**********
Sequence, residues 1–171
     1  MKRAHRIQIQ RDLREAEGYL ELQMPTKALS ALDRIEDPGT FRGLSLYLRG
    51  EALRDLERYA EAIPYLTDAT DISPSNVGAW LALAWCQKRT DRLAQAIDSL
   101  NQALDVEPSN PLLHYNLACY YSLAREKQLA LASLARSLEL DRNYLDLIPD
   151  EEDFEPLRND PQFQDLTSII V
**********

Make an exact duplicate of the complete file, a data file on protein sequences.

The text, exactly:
Sequence, residues 1–171
     1  MKRAHRIQIQ RDLREAEGYL ELQMPTKALS ALDRIEDPGT FRGLSLYLRG
    51  EALRDLERYA EAIPYLTDAT DISPSNVGAW LALAWCQKRT DRLAQAIDSL
   101  NQALDVEPSN PLLHYNLACY YSLAREKQLA LASLARSLEL DRNYLDLIPD
   151  EEDFEPLRND PQFQDLTSII V